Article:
The Exact Content You Need to Achieve 6 of Your Biggest Marketing Goals
By Carly Stec
Want to know how I know I'm a marketer?
The other day I caught myself referring to the message in a birthday card as "content."
(I believe the direct quote was, "Don't lick that envelope yet, I still have to write the content.")
Needless to say, content is one of those "all-encompassing" marketing terms. It's eBooks, and blog articles, and infographics, and videos, and tweets, and birthday card messages, and, well, you get the point.
For this reason, it's common for marketers to feel overwhelmed when they are advised to "create content" for their business.
It's not so much that they don't think it'll work, but rather, they don't know where to start.
So, to shed some light on the situation, we've detailed six different marketing goals alongside the type of content you need to achieve them.
Goal #1: "We need more sales qualified leads."
The Solution: Educational Content
For website visitors to feel comfortable moving forward with a purchase, it's critical businesses have a plan in place for educating and readying them.
Educational content takes many different sizes, shapes, and forms.
Most notably, businesses have seen a lot of success creating informational blog posts and eBooks as a way to address and alleviate consumer pain points.
Take Moz, for example.
Moz sells SEO products that help businesses improve their search rankings, drive more traffic back to their website, and ultimately, earn customers. However, in order for Moz to close a sale, it needs to ensure its audience a) knows what SEO is and b) sees the value in improving their search rankings.
To do this, Moz offers a variety of SEO resources via the learning center on its website.
These resources are bucketed into different categories, difficulty levels, and content formats to help visitors easily discover educational content that lends itself to their specific needs and questions.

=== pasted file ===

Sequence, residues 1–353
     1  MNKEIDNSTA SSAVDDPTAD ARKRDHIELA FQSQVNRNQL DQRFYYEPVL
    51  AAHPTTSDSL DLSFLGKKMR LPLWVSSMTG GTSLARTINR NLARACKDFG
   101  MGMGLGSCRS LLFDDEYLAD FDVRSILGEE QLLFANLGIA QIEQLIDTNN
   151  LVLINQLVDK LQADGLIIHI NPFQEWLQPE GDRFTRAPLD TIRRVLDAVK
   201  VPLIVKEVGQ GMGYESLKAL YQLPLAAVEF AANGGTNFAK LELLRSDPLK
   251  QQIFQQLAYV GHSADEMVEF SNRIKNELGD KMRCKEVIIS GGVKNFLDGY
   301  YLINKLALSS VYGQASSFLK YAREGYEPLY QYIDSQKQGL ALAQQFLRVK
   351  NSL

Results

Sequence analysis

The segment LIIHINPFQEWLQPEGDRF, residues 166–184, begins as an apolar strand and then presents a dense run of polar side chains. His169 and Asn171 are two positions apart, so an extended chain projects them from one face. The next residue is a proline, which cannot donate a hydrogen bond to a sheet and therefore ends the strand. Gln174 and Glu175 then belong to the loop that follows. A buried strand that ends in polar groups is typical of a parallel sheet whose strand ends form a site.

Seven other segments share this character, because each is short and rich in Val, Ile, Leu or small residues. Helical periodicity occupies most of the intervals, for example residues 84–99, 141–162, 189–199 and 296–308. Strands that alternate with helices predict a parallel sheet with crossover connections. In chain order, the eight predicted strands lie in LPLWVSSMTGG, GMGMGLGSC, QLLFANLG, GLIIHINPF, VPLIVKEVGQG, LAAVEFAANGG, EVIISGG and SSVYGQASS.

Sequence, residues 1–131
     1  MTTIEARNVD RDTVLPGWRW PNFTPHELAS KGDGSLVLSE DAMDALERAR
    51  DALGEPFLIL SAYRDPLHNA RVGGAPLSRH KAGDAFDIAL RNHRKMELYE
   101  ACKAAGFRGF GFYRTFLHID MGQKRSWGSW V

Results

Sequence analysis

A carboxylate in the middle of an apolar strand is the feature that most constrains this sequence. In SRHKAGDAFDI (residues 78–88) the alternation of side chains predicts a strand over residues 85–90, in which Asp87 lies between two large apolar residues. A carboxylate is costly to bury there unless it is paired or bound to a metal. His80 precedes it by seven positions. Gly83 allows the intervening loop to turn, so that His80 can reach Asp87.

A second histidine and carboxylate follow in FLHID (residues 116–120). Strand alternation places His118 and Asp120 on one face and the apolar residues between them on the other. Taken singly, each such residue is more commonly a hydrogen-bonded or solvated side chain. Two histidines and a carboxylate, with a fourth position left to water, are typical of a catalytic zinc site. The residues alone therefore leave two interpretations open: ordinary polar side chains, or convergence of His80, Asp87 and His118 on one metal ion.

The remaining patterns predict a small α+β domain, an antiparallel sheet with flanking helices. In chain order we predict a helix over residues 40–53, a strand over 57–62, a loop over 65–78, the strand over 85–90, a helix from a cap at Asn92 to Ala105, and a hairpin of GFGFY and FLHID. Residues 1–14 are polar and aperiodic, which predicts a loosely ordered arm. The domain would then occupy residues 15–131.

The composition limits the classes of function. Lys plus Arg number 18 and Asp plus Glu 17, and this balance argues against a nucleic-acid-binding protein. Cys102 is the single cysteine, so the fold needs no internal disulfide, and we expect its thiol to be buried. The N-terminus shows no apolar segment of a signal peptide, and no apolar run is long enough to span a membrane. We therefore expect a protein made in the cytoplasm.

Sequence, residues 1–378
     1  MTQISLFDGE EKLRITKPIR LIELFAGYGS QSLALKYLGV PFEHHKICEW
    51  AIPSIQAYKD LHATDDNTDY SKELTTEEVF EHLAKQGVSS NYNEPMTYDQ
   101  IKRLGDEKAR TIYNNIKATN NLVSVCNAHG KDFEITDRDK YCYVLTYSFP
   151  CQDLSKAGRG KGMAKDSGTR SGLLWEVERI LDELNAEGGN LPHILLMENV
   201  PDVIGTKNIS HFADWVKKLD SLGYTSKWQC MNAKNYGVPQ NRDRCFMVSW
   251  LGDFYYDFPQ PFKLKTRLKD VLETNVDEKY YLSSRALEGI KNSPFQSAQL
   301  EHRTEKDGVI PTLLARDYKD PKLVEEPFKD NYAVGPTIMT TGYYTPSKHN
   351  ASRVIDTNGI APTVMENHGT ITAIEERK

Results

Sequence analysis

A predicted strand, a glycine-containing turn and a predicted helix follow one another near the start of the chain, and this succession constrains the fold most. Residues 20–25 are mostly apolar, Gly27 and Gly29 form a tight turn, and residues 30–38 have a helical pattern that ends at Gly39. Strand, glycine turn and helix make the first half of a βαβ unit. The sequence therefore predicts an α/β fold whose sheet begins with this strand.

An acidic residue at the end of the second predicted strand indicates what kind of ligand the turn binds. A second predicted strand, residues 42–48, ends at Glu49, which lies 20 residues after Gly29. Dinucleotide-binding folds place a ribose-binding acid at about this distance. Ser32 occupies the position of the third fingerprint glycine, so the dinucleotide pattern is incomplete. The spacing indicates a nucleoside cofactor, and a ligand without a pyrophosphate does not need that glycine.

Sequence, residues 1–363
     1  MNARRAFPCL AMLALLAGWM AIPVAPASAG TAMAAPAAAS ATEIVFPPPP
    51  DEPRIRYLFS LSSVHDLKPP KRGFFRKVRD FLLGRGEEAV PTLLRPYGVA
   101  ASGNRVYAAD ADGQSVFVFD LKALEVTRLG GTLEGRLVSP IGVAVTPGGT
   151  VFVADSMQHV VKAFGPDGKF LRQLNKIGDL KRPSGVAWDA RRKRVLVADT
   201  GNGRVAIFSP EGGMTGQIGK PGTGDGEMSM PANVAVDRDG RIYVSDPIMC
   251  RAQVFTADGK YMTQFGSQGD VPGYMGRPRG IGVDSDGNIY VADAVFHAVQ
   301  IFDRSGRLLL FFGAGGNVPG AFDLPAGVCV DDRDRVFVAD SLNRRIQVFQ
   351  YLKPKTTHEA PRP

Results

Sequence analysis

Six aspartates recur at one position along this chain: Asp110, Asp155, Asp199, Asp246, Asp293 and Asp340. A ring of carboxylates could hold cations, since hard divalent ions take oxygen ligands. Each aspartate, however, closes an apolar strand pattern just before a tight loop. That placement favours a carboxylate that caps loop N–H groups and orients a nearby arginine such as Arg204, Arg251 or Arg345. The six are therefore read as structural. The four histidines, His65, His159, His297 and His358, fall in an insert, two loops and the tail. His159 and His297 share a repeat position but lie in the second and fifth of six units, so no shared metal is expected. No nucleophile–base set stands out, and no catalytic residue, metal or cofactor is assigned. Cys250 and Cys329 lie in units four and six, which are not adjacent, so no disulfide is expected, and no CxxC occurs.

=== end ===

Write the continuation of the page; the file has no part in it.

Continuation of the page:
Goal #2: "We need to keep visitors on the site longer."
The Solution: Free Tools & Interactive Content
If you want to keep visitors on your website longer, you need to give them something to do beyond skimming an article. This is where free tools and various types of interactive content really come in handy.
By serving up content that encourages more exploration and engagement, it becomes much easier to move visitors closer to a conversion.
If you can pair that participatory element with a piece of content that provides a solution to one of your visitor’s paint points, you have an opportunity to create a really memorable experience.
For example, HubSpot created this free Invoice Template Generator to help small businesses get a handle on one of the less glamorous aspects of running a business: invoicing.
The free tool allows the visitor to take control of the outcome by inviting them to plug and play their information, customize colors, and drag-and-drop brand logos into the mix.
When creating free tools and interactive content, put yourself in the shoes of your user.
What elements would you want to click on, customize, expand, and explore? Keep these things top-of-mind as you develop the content and it won’t go unnoticed.
Goal #3: "We need to grow our presence of social media."
The Solution: Shareable Content
When it comes to increasing social media visibility, creating content people can’t help but share is key.
If you take a look at Buzzsumo’s analysis of the most shared content on Facebook in 2017, you’ll notice a few trends:
- Video content
- Emotion-driven content
This comes as no surprise, as the shareability of a piece of content often boils down to format and subject matter, and while there’s no exact science for creating a viral piece of content, honing in on these shareable trends can help you increase the probability that people will share your post.
Here’s a great example from Buzzsumo’s analysis that demonstrates the shareability of quiz-style content:
Notice how the quiz uses language that stirs up your extrinsic motivation, encouraging you to test your knowledge for the reward of knowing you are the 1 in 50. It's a challenge many can't resist.
(For the record, I nailed this quiz. Now, it’s your turn.)